For anyone who might like a laugh with or at their monarch, Moorat offers up the story of a young Queen Victoria who discovers that, along with the crown, she has inherited the role of royal dispatcher of the ghouls who threaten her empire. Part gothic horror, part comedy and part historical fiction, the novel will change your view of her Majesty and Victorian London.

Lori Kauzlarick, Public Services Assistant

Sunday, 23 January 2011

Sunday January 23rd, 2011 Taking Care of You

Many of us spend an enormous amount of time, money and effort on looking our personal best. All you have to do is open any magazine to find dozens of ads for creams, lotions and potions. As well, let’s not forget our inner best which is so important to how we feel. What kinds of information does the library have that you can use to strive for your best? Let’s take a look.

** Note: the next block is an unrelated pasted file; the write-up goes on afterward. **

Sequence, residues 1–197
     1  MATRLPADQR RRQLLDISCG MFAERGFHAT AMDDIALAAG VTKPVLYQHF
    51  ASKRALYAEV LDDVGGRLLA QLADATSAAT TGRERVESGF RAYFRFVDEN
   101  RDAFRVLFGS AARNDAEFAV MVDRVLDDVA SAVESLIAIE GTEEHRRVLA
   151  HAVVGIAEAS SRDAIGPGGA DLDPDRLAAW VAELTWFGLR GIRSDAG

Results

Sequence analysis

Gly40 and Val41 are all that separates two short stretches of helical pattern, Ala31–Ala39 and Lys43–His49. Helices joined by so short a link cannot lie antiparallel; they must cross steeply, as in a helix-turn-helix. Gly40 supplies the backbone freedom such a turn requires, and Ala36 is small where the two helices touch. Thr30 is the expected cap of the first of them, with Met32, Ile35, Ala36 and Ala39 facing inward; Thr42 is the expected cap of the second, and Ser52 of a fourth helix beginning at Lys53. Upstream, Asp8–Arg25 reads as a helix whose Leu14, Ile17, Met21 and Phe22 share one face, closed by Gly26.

How to Cut Your Own Hair Or Anyone Else’s by Marsha Heckman. Not for the faint of heart, this book shows you how to cut hair for 15 of the most basic cuts, covering men’s women’s and children’s styles. If you feel confident enough to try it yourself this book has the ideal instructions. From bobs to blunt, bangs or the buzz cut, it’s all here. Every type of hair is covered as well; from thin to thick, curly or straight. How to style it once you are done? Not a problem as this book will show you how and save you money at the same time.